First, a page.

Mesothelioma Mainly Affects The Pleura or Lung Membrane

Mesothelioma Mainly Affects The Pleura

Mesothelioma has a very poor prognosis to date. The outcome of very extensive operations is nothing short of disappointing and operations are therefore very rare. Mesothelioma mainly affects the pleura or lung membrane, which is almost always accompanied by the formation of fluid behind the lung (pleural fluid).

Getting the diagnosis of mesothelioma is difficult. We are not always diagnosed with only a puncture of the fluid behind the lungs, often a small operation (VATS procedure) must be done afterwards to obtain adequate pieces of tissue from the lung membrane. Sometimes we need to conduct multiple investigations to eventually arrive at a diagnosis of mesothelioma. When the fluid behind the lung (pleural fluid) has been removed, we then try to stick the two lung sheets together using talc. With this we want to prevent the moisture from coming back, so we can reduce the symptoms of shortness of breath.

Once mesothelioma is diagnosed, the patient may qualify for palliative chemotherapy. If the patient’s condition permits, combination treatment of pemetrexed and platinum-based chemotherapy is preferred. This is a relatively mild treatment without too many side effects, trying to bring back or stabilize the disease.

Treatment of invasive cancer requires close coordination between different medical and allied health disciplines. Depending on the needs, different medical and non-medical concerns are involved. Therefore, the therapeutic strategy is never decided by one physician. Every cancer patient should be discussed in a Multidisciplinary Oncological Consultation (MOC). Doctors from different disciplines are involved, together with experts from other fields (such as nurses, psychologists, dieticians, etc.).

Mesothelioma Mainly Affects The Pleura

Thus, the treatment is always tailored as much as possible to the individual. The doctors will propose a treatment tailored to your specific situation, including the following elements:
• the type of cancer
• the stage (extent) of the cancer;
• the general health of the patient.

Types of cancer treatment

There are various cancer treatments that are used individually or in combination. Depending on what the MOC decides (and therefore among other things of the type of cancer), certain of these treatments will be chosen, but rarely all:

  • Surgery (surgery)
    • Radiotherapy
    • Immunotherapy
    • Hormone treatment
    • Targeted treatments

Breast cancer treatments


The surgery is often the first treatment after breast cancer was discovered. If possible, the surgeon will try to preserve the breast by performing breast conserving surgery. In addition, one or more lymph nodes under the arm are always removed (in the armpit). We call this glandular clearance.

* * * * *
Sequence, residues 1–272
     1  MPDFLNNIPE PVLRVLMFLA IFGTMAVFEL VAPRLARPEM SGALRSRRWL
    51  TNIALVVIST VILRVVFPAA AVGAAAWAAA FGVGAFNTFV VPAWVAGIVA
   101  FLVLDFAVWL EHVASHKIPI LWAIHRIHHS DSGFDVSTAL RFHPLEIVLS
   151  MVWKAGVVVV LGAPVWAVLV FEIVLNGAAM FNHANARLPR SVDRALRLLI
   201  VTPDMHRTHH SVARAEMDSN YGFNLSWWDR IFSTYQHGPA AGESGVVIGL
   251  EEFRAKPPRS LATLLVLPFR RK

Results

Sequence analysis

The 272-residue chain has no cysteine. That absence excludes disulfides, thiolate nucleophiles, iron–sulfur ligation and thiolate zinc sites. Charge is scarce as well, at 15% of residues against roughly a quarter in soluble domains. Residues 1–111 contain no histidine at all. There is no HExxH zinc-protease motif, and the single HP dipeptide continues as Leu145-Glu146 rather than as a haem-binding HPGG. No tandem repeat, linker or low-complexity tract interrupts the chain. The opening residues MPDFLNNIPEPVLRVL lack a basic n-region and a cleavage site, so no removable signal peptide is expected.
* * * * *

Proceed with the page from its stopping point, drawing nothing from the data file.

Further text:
For small tumors, a technique called “Sentinel gland” is used. If the sentinel node does not contain cancer cells, it is not necessary to remove the other deeper glands. That is because the sentinel node is the first gland to which the lymph fluid from the breast flows.

The presence or absence of cancer cells in glands will largely determine the additional treatments for breast cancer. Different techniques are possible depending on the characteristics of the tumor.

The radical mammectomy 

This surgical procedure, also called a mastectomy, is equivalent to a complete removal of the breast. After a radical mammectomy, the patient will be offered an external prosthesis in a light fabric when she returns home to balance the silhouette.

The tumorectomy  

Again, this involves surgical removal of the tumor,  but attempts are made to leave the healthy surrounding tissues on site. If necessary, more tissues will be removed later to remove a sufficiently large safety margin around the tumor. Thanks to this “conservative” surgery it is possible to preserve the breast. The quadrantectomy (also called a partial mammectomy) is a larger tumorectomy.

Side effects of surgery

The most common symptoms or complaints after surgery are on the side of the operated breast:

  • swollen arm and hand
  • stiff neck, arm and shoulder muscles
  • an itchy hand
  • possibly a wound infection or hematoma
  • insensitivity to the scar and chest (late after effects)

The removal of lymph nodes under the arm (armpit) leads to a swollen arm and hand on the side of the operated breast in some women. That phenomenon is called ‘thick arm’ or ‘lymphedema’. Treatment consists mainly of specialized physiotherapy (lymph drainage), because there is no effective medicine to remedy this problem. However, this risk can be greatly reduced if it is possible to remove only a small number of lymph nodes (sentinel node technique).

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